Turkish Airlines IstanbulAtatürk
Ukraine International Airlines KievBoryspil
Utair MoscowVnukovo
Uzbekistan Airways New YorkJFK, Tashkent
Wizz Air Barcelona, Bari, Bergen, Doncaster/Sheffield, Dortmund, Eindhoven, Kutaisi (begins 25 March 2018),[11] Liverpool, LondonLuton, ReykjavíkKeflavík, Sandefjord, Tel AvivBen Gurion
Seasonal: EilatOvda

Statistics

Route statistics
Busiest routes from Riga (2016)[12]
Rank City Passengers Airlines
1 London 540,793 airBaltic, Ryanair, Wizz Air
2 Moscow 443,008 Aeroflot, airBaltic, UTair Aviation
3 Oslo 282,801 airBaltic, Norwegian Air Shuttle, Wizz Air
4 Frankfurt 280,670 airBaltic, Lufthansa, Ryanair
5 Helsinki 261,444 airBaltic, Finnair
6 Berlin 231,380 airBaltic, Ryanair
7 Stockholm 229,582 airBaltic, Norwegian Air Shuttle, Scandinavian
8 Tallinn 204,195 airBaltic
9 Vilnius 166,499 airBaltic
10 Copenhagen 151,483 airBaltic, Norwegian Air Shuttle
Annual passenger numbers at Riga Airport (millions)
Updated: 1 December 2017

Ground transportation

Bus

Riga Airport is accessible by bus line 22, operated by Rgas Satiksme, which runs between Riga city centre and the airport. Moreover, there are international bus connections from the airport to cities in Estonia, Lithuania, Poland, Germany, Russia and Belarus.

Car

Riga Airport can be reached by car via the highway P133 which connects the airport with European route E22. The airport has 3 car parking areas, with ~1500 parking spaces, offering both short- and long-term parking.

Incidents and accidents

  • On 17 September 2016 an airBaltic Bombardier Dash 8 Q400 NextGen aircraft made an emergency landing on the runway of Riga International Airport without its nose landing gear deployed. The plane was carrying 63 passengers and 4 crewmembers and was forced to return to Riga International Airport following issues with its front chassis. The runway was closed between 10:26 and 15:55 as a safety precaution following an emergency landing. Seven inbound flights and four outbound flights were cancelled, 17 flights were diverted to Tallinn Airport and Kaunas Airport and others were delayed. The aircraft involved was YL-BAI and the flight BT 641 was scheduled to fly from Riga to Zürich Airport. No injuries were reported.[13][14][15]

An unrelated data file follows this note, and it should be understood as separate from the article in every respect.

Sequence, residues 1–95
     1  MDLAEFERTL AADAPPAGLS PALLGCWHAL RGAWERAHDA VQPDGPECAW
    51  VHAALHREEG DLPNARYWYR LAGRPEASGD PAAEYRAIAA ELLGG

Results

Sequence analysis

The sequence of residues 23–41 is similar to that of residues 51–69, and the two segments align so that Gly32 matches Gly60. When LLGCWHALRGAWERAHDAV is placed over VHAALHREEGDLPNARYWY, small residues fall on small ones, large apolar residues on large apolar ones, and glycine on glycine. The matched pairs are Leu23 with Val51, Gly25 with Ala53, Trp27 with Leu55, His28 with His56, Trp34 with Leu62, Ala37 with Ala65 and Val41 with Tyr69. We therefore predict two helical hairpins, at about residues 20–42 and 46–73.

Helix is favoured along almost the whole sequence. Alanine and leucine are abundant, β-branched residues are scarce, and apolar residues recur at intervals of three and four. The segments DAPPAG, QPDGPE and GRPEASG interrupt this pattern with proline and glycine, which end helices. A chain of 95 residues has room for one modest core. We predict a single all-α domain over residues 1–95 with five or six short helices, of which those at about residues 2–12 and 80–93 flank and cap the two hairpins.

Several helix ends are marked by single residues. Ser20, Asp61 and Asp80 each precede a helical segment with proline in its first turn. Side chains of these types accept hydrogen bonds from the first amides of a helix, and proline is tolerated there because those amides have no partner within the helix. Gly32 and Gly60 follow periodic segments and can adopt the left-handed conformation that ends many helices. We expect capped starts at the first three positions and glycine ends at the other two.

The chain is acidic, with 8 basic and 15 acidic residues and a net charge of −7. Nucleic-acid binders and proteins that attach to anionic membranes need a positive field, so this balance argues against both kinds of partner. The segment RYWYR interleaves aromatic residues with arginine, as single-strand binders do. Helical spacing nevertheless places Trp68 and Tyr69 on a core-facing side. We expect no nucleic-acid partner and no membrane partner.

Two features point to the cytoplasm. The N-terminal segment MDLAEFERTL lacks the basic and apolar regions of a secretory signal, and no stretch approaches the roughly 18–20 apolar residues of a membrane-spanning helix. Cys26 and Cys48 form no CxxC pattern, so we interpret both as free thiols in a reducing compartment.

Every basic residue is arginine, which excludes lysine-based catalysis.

• On 17 February 2017 a VIM Airlines charter flight to Ufa, Russia slid off the runway during take-off. The plane was carrying 40 passengers and 7 crew members. No injuries were reported. Aircraft's engine was damaged as it hit airport equipment. The runway was checked and closed for three hours after incident. Flights were diverted to Tallinn Airport and Kaunas Airport and others were delayed. The Transport Accident and Incident Investigation Bureau of Latvia started an investigation.

See also

References

  1. ^ "Contacts." Latvian Civil Aviation Agency. Retrieved on 19 January 2012. "Civil aviation agency Address: Airport "Riga", LV-1053, Latvia"
  2. ^ "Terminal and territory plan". riga-airport.com. Riga International Airport. Retrieved 16 November 2017. 
  3. ^ "Operational Facilities". Retrieved 3 June 2015. 
  4. ^ "Russia invests in Riga Airport". www.baltictimes.com. Retrieved 2017-12-03. 
  5. ^ "Airport at a glance". Riga Airport Website. 
  6. ^ riga-airport.com - Flight schedules retrieved 16 October 2016
  7. ^ a b Liu, Jim (3 November 2017). "airBaltic resumes 2 Russian routes in S18". Routesonline. Retrieved 3 November 2017. 
  8. ^ "airBaltic adds new destinations in S18". Routesonline. Retrieved 2017-08-16. 
  9. ^ Liu, Jim (25 September 2017). "Primera Air adds Riga Malaga service in S18". Routesonline. Retrieved 25 September 2017. 
  10. ^ http://www.novinite.com/articles/185559/Ryanair+Announces+Their+New+Destination+From+Burgas
  11. ^ "Wizz Air Announces New Riga Route to Georgia". finchannel.com. The FINANCIAL. 12 December 2017. Retrieved 12 December 2017. 
  12. ^ "RIGA AIRPORT YEARBOOK 2016" (PDF). riga-airport.com. RIGA International Airport. Retrieved 16 November 2017. 
  13. ^ "airBaltic flight makes emergency landing at Riga airport". The Baltic Course. 17 September 2016. Retrieved 21 September 2016. 
  14. ^ "17 flights diverted today due to closed runway at Riga Airport". The Baltic Times. 17 September 2016. Retrieved 21 September 2016. 
  15. ^ "Incidents ar 'airBaltic' lidmanu ietekmjis 1341 kompnijas pasaieri" (in Latvian). www.delfi.lv. 17 September 2016. Retrieved 21 September 2016. 

External links

Media related to Riga International Airport at Wikimedia Commons